In her New Yorker article (Feb. 9, ’09), Another Country, James Baldwin’s Flight from America, Claudia Roth Pierpont describes Baldwin’s 1961 arrival at a party in Istanbul.
“Baldwin’s arrival at his Turkish friend’s door, in the midst of a party, was, as the friend recalled, a great surprise: two rings of the bell, and there stood a small and bedraggled black man with a battered suitcase and enormous eyes.”
I remember the eyes and something similar when Baldwin read at Cornell University in 1963. The Fire Next Time had just been published and Baldwin, I believe, was on tour. I was transfixed by that book and by Go Tell It On The Mountain—and my former wife and I offered to host a reception for Baldwin at our home. I was junior faculty and teaching creative writing. Baldwin accepted and we were somehow, miraculously, able to accommodate 60 – 70 people in our little home.
Something of the man’s amazing presence, strength, vulnerability combined with a readiness to engage… what else to say? I was also moved by Baldwin’s graciousness… ah, how do you describe a too brief encounter with a man whose work has so affected you, whose background and experience is utterly unlike your own and yet, and yet, at some level he’s altogether familiar?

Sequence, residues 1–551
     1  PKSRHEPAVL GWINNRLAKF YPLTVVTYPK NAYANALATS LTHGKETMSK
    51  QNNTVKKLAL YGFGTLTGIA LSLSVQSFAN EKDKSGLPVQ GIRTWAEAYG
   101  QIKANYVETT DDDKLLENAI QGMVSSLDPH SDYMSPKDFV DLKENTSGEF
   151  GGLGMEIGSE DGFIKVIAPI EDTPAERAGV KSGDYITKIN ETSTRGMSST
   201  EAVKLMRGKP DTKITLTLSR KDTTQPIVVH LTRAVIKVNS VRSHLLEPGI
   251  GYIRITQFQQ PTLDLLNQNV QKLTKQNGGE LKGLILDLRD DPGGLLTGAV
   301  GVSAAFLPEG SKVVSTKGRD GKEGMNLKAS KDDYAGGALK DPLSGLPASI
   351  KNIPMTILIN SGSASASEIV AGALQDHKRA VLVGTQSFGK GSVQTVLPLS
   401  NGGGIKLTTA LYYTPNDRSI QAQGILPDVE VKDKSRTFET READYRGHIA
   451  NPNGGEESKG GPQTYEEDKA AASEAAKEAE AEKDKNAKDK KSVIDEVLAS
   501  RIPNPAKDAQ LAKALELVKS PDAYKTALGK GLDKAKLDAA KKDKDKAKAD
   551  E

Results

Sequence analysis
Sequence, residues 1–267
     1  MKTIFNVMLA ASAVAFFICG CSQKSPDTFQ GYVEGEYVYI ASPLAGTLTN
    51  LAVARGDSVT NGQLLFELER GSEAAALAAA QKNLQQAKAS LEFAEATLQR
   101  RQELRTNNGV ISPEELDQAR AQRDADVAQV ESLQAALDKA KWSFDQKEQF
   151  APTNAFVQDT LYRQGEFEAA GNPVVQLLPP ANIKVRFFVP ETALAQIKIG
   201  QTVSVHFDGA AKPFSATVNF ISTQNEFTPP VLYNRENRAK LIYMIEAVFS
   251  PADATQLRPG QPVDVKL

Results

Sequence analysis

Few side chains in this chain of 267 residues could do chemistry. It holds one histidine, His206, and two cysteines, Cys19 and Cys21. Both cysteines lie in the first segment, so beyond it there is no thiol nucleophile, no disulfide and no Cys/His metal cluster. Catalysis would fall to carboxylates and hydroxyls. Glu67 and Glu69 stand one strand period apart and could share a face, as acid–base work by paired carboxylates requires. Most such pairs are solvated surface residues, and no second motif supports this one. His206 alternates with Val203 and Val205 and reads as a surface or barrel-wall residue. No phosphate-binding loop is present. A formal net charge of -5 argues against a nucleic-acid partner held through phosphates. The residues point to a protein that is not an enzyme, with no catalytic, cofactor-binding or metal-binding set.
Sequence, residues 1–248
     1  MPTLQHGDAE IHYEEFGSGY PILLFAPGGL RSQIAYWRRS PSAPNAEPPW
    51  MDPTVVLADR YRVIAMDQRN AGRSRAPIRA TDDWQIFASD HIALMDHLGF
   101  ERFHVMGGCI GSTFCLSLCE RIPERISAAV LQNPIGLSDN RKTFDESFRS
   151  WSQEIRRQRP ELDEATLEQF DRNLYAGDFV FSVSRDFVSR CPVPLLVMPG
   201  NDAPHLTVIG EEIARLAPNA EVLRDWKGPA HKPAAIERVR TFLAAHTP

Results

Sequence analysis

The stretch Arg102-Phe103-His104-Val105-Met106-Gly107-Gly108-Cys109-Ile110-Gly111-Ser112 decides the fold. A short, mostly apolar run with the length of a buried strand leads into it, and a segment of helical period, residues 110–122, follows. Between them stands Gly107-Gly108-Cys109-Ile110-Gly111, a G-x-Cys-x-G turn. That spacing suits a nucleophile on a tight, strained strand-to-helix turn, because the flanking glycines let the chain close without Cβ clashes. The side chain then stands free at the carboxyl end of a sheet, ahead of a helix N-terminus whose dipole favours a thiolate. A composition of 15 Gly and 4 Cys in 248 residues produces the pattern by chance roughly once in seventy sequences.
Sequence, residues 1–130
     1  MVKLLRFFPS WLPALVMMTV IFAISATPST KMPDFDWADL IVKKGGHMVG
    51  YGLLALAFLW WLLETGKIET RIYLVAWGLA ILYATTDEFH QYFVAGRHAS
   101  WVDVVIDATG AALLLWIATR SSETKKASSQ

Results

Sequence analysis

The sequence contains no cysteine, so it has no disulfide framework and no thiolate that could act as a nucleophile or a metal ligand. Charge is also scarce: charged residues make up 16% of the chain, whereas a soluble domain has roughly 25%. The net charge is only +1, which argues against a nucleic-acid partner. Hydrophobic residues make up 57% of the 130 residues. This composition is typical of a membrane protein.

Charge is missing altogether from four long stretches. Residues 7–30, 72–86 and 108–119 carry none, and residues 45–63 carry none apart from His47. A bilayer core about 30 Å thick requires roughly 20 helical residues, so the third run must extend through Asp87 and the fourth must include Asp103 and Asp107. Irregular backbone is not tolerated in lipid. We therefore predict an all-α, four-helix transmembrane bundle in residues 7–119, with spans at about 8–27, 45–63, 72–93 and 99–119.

Turned out to be one of those life-changing events, life-changing and not necessarily for the better. For hubris did me in.
How Hubris Did Me In
Successful writers sometimes remark on how fans can’t wait to meet them, have them sign their books… and what they really want to do is talk about themselves.
Unexpectedly the President of the University turned up at our reception and we had a cordial exchange. I don’t know what else you call it. Thereafter I felt myself part of the academic community in a way I hadn’t felt before. And that same year I received a Guggenheim Fellowship for Poetry and in January informed the Chairman of the English Department that I would be taking up the Fellowship in the Fall. He said, “No you won’t. Wait a year… and then you can take up the Fellowship.” “But I’m working on a book,” I said, “I have this opportunity to write full time.” “No. Wait a year…” At last he said, “Well, you’ll never teach on the East Coast again.” It was too late. I couldn’t back down.
And at that time, with book publications, etc., I felt I’d take my chances. Hubris. Hubris. I lived to regret it.